Metropolitan Opera fires music director after sexual abuse investigation

James Levine in 2009

Michele McDonald Globe staff File James Levine in 2009

Late past year, three men came forward with allegations of misconduct against Levine in a report in the New York Times, and Levine was suspended.

The allegations detailed in the NYT included assertions that Levine engaged in sexual activity with teenage boy musicians in ensembles he conducted, and go as far back as 1968, when he was a member of the faculty at the Meadow Brook School of Music in MI.

The Met hired former U.S. Attorney Robert J. Cleary, now a partner at Proskauer Rose, to head its investigation, and the company said more than 70 people were interviewed.

The conductor in an earlier statement called the allegations against him "unfounded", saying he was not an "oppressor or an aggressor". However, no specifics were revealed but the investigation did find that Levine harassed and abused artists at early stages of their careers.

After considering the findings of a thorough investigation conducted by outside counsel that lasted more than three months, the Metropolitan Opera has terminated its relationship with James Levine as Music Director Emeritus and Artistic Director of its young artist program.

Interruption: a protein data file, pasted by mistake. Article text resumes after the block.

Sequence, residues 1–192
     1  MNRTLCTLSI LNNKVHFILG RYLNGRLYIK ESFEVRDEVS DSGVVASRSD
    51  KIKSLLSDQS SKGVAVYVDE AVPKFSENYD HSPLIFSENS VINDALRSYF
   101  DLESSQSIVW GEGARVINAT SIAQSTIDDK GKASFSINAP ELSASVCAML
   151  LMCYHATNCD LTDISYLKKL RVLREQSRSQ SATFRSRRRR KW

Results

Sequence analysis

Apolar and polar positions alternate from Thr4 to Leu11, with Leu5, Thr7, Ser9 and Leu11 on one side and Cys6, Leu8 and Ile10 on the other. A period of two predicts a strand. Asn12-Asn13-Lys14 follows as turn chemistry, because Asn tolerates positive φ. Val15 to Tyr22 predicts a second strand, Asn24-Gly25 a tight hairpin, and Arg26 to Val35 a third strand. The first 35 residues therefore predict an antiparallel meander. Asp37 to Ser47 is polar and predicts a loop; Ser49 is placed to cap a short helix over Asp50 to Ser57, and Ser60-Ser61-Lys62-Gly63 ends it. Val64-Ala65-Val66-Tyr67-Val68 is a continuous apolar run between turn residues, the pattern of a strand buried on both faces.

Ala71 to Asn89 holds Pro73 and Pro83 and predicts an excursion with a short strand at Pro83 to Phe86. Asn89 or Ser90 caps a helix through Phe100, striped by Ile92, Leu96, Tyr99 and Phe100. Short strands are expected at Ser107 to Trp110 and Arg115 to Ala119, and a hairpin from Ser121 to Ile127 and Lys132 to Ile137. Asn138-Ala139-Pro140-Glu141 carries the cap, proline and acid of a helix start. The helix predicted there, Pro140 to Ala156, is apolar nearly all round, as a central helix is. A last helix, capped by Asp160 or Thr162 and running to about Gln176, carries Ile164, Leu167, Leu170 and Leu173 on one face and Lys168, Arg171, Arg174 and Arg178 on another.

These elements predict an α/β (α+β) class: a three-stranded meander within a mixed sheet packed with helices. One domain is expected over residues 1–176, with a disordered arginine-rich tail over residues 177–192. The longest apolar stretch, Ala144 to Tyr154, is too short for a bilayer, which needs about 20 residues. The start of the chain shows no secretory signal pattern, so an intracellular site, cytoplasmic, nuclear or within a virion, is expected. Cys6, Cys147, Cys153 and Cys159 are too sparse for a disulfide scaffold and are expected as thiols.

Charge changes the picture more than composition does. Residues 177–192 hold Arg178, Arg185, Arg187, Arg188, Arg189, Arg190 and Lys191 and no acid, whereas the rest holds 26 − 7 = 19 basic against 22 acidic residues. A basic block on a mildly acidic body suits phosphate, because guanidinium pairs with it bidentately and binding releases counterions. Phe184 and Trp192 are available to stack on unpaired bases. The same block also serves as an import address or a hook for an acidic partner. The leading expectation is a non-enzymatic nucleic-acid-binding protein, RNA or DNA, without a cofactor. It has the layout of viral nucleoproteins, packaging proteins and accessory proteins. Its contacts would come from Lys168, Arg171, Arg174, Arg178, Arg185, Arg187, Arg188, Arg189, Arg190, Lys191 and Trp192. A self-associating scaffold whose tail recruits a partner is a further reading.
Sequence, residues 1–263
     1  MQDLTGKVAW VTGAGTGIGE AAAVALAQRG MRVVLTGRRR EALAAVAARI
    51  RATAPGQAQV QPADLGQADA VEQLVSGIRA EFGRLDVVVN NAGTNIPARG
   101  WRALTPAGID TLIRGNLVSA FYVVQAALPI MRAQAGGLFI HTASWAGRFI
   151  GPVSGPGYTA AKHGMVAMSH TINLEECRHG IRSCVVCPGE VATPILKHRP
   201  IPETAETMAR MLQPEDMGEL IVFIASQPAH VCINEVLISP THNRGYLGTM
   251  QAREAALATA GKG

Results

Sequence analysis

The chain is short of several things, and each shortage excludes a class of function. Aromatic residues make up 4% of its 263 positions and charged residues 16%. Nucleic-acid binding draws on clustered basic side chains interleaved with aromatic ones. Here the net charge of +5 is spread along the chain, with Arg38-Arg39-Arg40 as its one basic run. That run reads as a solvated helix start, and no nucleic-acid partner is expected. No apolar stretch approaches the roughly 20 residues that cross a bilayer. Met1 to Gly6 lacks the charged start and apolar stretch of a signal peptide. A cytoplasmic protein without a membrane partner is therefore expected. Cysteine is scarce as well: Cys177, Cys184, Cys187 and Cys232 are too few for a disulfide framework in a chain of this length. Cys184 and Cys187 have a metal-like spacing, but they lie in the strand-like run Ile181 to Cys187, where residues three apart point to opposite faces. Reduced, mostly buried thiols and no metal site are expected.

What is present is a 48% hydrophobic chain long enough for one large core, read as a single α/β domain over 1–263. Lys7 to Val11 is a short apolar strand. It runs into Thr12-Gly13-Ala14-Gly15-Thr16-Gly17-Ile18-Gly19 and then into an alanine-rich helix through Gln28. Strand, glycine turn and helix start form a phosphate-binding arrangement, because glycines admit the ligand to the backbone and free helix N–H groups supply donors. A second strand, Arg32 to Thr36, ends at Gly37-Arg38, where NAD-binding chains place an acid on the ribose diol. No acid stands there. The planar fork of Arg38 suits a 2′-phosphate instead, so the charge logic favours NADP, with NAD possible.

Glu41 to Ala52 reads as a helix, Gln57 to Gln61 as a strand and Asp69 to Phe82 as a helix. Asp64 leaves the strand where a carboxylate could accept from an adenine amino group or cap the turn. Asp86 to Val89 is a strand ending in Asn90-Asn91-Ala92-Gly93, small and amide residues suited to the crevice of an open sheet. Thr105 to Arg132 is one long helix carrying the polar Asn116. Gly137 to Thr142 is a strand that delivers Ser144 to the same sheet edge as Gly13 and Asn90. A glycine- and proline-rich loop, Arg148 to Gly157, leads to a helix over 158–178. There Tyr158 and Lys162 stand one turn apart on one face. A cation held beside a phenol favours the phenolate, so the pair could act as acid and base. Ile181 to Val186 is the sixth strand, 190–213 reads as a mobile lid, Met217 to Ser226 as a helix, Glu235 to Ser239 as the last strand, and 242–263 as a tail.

The Met added that in addition to its findings on the allegations against Levine, the investigation suggested that any claims of a cover-up are "completely unsubstantiated".

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Levine, who served as the Met's musical director for 40 years until he retired from that position in 2016, has denied the accusations.

Albin Ifsich told the New York Times that Levine, now 74, began abusing him in 1968 when he was 20 years old and continued for several years.

A leadership transition was already underway at the Met, following Levine's retirement as music director in 2016.

His power waned only because of health problems.

It has brought forward the appointment of Levine's successor, youthful French Canadian Yannick Nezet-Seguin, who will become music director with the upcoming season. Brown, who went on to play principal bass in the St. Paul Chamber Orchestra, said that one night in the dorms, Levine had masturbated him and asked him to reciprocate - and then punished Brown when he declined to do so again, ignoring him for the rest of the summer, even when he was conducting him.

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